little Sammy would ever grow up to be
The olllcer passed the length of the
porch, saluted by the men, and entered
the orderly room, to which the first
sorgen lit preceded him. In a few inl,u
utes Spud Murphy was called and left
his comrades complacently expectant.
"How do \>ni do, Murphy'.'" said
Owen, nodding, and Spud felt chilled.
In the seclusion of the orderly room
he thought, with a sense of aggrieve
incut, the now lieutenant, his old
protege of the "block," might have
condescended ;<i shake bauds. The
trooper stood, however, at atten
tion and eyed the new subaltern curi
ously. The lieutenant held himself
straight. Four years of stern training
at the military academy had given him
that soldierly bearing which a West
Pointer can never lose entirely. lie
was well set up. but to Spud Murphy's
critical eye, accustomed to the clean
and wholesome face colors of the plain
troopers, the dead dull Kray of Owen's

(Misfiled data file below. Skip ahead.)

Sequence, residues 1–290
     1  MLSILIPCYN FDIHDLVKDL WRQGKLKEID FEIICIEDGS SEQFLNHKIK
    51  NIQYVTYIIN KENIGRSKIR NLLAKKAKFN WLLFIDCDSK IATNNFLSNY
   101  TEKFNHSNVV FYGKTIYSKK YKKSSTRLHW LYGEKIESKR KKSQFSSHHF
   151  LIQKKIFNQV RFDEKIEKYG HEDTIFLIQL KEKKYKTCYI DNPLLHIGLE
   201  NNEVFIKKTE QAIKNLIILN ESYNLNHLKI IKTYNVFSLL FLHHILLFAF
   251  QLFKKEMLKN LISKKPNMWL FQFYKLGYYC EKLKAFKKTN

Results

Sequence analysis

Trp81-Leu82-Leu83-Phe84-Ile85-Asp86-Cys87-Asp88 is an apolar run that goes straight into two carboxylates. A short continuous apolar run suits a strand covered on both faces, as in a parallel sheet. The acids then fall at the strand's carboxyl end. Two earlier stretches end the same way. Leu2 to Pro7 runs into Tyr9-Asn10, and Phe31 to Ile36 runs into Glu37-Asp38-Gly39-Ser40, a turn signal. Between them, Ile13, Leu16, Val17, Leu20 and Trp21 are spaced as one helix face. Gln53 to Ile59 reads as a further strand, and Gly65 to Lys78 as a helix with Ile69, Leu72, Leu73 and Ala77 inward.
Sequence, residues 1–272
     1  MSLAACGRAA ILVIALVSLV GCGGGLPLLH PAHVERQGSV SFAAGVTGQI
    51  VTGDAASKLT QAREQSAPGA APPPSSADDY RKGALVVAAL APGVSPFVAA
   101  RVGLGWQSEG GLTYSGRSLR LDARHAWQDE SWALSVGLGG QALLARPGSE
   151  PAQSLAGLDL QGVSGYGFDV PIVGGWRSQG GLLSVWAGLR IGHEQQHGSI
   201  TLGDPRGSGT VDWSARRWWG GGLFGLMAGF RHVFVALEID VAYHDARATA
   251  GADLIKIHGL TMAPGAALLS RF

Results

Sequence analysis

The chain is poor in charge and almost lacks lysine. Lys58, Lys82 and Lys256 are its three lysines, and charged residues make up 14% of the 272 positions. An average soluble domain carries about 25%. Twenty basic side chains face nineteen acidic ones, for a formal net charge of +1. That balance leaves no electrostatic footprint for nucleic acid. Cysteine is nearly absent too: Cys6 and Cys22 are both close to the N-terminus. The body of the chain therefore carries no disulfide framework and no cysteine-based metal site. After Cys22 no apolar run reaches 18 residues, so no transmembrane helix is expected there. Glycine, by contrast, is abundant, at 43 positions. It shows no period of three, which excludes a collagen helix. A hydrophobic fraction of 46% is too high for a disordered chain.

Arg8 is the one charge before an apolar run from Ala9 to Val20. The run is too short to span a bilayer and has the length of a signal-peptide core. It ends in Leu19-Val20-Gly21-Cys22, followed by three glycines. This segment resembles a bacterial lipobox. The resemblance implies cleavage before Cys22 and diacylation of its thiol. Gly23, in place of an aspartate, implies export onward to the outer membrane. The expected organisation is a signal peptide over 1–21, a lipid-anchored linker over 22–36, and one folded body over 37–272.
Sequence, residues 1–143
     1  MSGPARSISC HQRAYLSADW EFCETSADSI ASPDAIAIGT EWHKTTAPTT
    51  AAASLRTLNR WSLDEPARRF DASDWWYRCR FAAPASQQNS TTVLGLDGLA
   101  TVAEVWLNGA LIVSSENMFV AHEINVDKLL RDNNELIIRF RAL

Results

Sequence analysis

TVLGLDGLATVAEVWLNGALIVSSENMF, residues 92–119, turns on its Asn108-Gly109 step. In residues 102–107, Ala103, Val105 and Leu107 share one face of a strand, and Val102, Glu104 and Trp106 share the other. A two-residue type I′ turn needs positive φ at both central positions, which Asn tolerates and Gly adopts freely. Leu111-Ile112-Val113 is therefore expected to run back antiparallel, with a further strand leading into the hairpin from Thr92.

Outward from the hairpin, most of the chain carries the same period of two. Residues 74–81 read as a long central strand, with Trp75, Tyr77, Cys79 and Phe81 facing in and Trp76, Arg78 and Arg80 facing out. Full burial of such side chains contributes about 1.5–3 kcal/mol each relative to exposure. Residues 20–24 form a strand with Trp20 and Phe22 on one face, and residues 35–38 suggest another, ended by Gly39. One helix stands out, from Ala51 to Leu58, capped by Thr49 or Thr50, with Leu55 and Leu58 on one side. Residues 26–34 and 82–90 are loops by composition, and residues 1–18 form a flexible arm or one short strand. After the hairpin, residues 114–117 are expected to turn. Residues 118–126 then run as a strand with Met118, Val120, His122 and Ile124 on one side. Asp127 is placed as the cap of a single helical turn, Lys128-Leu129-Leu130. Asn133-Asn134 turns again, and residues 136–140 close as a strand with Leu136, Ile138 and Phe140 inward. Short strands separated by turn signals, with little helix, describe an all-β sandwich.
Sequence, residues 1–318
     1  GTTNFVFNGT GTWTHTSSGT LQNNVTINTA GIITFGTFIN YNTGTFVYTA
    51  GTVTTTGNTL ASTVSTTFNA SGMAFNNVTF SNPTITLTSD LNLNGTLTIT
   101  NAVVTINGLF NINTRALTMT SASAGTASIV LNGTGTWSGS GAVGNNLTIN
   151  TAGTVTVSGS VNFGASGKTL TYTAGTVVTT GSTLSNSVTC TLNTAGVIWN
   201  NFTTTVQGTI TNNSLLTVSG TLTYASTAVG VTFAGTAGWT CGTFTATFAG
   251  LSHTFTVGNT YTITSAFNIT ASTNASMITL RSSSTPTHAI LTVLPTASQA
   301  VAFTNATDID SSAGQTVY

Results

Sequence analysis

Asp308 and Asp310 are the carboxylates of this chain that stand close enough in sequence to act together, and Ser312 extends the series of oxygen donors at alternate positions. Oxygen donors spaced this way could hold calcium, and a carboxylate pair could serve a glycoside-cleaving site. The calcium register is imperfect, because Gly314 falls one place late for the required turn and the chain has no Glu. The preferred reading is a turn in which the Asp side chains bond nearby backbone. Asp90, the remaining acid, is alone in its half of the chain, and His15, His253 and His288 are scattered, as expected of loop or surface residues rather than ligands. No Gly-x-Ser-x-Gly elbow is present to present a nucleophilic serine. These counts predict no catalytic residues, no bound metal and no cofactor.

cheeks, their sunken leanness, the wa
teriness of his uncertain, nervous eyes,
were as a cold cloth on the soldier's
enthusiasm over bis old friend's rise
In station. Owen pricked nt the blot
ting pad of the desk before which bo
eat, pricked aimlessly with long and
"Murphy," said he, "I have 03ketl tho
sergeant about detailing a man to look
after my horses, and so on. He has
suggested you. Would you he will
lug? It Will be a considerable help, of
course, as far as money Is concerned,
Spud squirmed. Every olllcer has
his dog robber, or servant, but such
details are not those which the smart